New York State University Police

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New York State University Police
Common name State University Police
Abbreviation NYSUP
NYS University Police.jpg
Patch of the New York State University Police.
Motto Protecting New York's Future
Agency overview
Formed 1999
Legal personality Governmental: Government agency
Jurisdictional structure
Operations jurisdiction* State of New York, USA
Legal jurisdiction New York
General nature
Specialist jurisdiction Buildings and lands occupied or explicitly controlled by the educational institution and the institution's personnel, and public entering the buildings and immediate precincts of the institution.
Operational structure
Police Officers Approx. 600
Agency executive R. Bruce McBride, Commissioner of New York State University Police
Parent agency State University of New York
Facilities
Stations 28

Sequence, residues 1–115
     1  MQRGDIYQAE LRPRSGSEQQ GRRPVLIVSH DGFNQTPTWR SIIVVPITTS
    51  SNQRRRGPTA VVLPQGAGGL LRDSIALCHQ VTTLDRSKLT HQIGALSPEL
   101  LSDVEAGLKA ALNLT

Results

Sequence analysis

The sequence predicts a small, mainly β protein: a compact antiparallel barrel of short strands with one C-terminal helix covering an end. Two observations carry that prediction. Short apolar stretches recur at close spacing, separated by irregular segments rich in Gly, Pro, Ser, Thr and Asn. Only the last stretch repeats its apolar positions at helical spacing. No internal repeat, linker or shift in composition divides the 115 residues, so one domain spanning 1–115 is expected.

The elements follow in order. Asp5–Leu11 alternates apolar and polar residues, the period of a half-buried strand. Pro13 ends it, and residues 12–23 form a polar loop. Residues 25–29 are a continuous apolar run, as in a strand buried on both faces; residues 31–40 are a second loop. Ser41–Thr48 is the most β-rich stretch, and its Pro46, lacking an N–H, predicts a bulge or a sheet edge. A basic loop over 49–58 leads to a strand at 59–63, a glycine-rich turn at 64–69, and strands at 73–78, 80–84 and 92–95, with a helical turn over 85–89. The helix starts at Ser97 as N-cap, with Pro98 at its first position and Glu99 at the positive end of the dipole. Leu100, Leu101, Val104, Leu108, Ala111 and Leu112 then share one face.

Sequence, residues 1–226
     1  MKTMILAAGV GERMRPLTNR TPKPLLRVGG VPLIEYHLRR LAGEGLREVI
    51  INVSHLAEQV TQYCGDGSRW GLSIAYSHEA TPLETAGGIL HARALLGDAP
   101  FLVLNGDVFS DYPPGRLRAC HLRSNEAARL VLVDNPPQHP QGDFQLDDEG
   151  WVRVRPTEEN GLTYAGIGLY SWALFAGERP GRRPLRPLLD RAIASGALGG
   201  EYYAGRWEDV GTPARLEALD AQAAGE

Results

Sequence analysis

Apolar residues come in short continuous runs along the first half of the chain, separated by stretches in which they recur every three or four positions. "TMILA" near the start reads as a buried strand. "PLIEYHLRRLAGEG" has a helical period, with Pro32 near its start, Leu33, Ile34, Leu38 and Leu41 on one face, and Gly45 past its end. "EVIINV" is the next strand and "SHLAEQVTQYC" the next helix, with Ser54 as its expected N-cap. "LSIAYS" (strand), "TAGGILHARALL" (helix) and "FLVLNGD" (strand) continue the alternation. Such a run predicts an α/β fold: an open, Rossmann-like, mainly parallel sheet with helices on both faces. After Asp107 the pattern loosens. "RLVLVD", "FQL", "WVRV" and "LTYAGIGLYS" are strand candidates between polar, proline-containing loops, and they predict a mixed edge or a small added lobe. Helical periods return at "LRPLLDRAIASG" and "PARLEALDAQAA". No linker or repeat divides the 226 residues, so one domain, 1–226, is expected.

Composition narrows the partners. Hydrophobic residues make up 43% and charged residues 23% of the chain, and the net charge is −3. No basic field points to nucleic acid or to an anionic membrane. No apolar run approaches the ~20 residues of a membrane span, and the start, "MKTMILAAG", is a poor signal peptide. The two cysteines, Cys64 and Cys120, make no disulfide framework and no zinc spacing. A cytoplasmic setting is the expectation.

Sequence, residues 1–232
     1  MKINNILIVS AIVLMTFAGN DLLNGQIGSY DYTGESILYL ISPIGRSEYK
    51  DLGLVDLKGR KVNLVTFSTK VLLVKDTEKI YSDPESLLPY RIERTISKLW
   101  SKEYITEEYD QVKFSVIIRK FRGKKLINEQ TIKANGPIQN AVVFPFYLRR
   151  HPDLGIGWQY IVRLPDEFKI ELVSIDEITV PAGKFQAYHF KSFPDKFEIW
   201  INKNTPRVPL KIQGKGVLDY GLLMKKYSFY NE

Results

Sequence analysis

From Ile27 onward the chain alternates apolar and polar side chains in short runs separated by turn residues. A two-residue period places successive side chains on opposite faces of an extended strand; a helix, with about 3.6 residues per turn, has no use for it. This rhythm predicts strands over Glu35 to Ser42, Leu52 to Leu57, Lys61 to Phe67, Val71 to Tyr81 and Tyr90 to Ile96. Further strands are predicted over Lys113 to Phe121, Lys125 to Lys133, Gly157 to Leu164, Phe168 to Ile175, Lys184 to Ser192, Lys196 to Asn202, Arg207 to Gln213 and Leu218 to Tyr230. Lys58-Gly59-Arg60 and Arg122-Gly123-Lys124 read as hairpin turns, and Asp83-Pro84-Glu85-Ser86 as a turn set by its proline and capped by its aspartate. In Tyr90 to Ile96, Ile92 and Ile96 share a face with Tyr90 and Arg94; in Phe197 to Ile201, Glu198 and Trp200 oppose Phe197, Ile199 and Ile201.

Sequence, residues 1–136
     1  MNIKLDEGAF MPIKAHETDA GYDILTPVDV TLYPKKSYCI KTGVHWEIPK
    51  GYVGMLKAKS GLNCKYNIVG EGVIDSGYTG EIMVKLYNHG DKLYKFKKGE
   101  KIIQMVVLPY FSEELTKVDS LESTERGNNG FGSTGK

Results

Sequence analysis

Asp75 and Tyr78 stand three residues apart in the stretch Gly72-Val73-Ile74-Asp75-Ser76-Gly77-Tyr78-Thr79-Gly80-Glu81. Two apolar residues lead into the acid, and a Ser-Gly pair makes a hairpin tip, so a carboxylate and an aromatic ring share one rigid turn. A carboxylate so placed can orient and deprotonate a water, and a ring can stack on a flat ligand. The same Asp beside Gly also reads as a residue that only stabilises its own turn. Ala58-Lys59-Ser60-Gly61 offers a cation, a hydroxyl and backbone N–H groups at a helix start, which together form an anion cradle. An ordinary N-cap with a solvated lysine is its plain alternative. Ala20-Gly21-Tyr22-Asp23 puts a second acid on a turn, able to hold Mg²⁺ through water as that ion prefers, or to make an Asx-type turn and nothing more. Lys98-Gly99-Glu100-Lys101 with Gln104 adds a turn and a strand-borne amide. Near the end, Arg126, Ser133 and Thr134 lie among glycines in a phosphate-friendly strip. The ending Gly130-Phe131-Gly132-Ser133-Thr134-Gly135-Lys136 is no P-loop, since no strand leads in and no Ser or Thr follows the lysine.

Footnotes
* Divisional agency: Division of the country, over which the agency has usual operational jurisdiction.

The New York State University Police (NYSUP) is the law enforcement agency of the State University of New York (SUNY) system. Approximately 600 uniformed officers and investigators, as well as sixty-four chiefs, serve the 28 state college and university campuses throughout the state.[1]

State University Police Officers are charged with crime detection and prevention, in addition to the enforcement of state and local laws, rules, and regulations. As part of the unit's prevention activities, officers speak on topics such as sexual assault, drugs, crime prevention and traffic safety. Officers are responsible for developing and maintaining a positive relationship with students, faculty, and staff in order to ensure safety and facilitate cooperation within the campus community.

History[edit]